Determinants of Low Back Pain among Operating Room Nurses in Gaza Governmental Hospitals

Samer Khader Al Nawajha
سامر خضر النواجحة
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Al-Quds University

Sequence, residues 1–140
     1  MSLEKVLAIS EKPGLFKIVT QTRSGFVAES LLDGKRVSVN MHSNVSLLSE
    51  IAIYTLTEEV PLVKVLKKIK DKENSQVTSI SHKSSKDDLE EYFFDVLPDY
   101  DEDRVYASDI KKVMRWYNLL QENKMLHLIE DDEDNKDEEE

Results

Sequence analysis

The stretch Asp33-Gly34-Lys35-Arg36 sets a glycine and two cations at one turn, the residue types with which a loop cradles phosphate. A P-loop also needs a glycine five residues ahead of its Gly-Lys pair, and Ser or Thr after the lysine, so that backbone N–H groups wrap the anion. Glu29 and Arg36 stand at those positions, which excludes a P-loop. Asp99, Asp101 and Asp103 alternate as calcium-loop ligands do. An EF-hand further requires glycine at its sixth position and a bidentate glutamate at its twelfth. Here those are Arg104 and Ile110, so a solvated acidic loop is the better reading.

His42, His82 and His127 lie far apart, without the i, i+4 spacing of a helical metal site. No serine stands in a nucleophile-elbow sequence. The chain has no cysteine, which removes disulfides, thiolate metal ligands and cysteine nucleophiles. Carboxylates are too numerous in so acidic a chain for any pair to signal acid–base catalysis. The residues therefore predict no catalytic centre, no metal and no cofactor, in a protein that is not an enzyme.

Globally, Low Back Pain (LBP) comprises a significant occupational hazard in nursing profession. This study aimed to identify determinants of LBP among operating room nurses at governmental hospitals in Gaza governorates. The design of this study is a quantitative, descriptive, analytical, cross-sectional one. The study population consisted of 159 nurses who represented all the target population. The researcher used a selfconstructed, self administered questionnaire. In total, 143 respondents completed the questionnaire with a response rate of 90.0%. Different statistical procedures were used for data analysis including cross tabulation, percentages, mean and Chi square test. Face, content and criterion related validity were done. Reliability testing was done by using the split half test (0.812), and Cronbach’s Alpha coefficient was good (0.763). The results revealed that the overall prevalence of low back pain among operating room nurses was 70.6. Around one third of the participants complained of moderate pain, 21.0% complained of severe pain, and 14.7% complained of mild pain. Regarding the features of pain, 25.7% described their pain as a stiffness sensation in nature, 17.8% reported numbness, 16.8% were not clear in their description of the experienced pain. Less than 4% reported a mixture of numbness and tingling. Nearly half reported complaining of an intermittent pain, while 6.9% had a continuous pain. The prevalence of pain was 68.2% among males and 78.8 among females. The highest complaint of LBP was among age group 31 – 40 years ‘84.0%’ followed by the age group 48 – 58 years ‘75.0%’. The highest complain of lowback pain (100.0%) was reported among those who have a long work experience (23 – 36 years). Regarding the place of work, Al Emarity Hospital had the highest percentage of LBP (100.0%) followed by AlShifa Medical Complex (84.3%). The prevalence of LBP was 73.3% among single participants especially those with BMI more than 30; with a prevalence of 82.8%. There were no statistical significant differences between gender, age, marital status and years of experience and LBP distribution. There were significant differences between the place of work and experiencing low back pain in favor of Al Emaraty Hospital. Prolonged time standing during surgery was the main risk factor for low back pain (67.1%), followed by work overload (65.0%), lifting and transferring patients (62.9%). The majority of operating room nurses have adequate knowledge regarding safety measures during work; however, there were obvious gaps in work environment, shortage staffing, lack of comfortable seats, lack of mechanical devices for patients’ lifting and high level of noise. The study concluded that work related LBP was high among operating room nurses which might affect work quality, productivity and the quality of nurses life. The results of the study imply the need for designing operating room departments in a way that considers safe ergonometric conditions. Measures to reduce LBP at work include; ensuring adequate staffing, providing breaks between operations and providing needed equipment.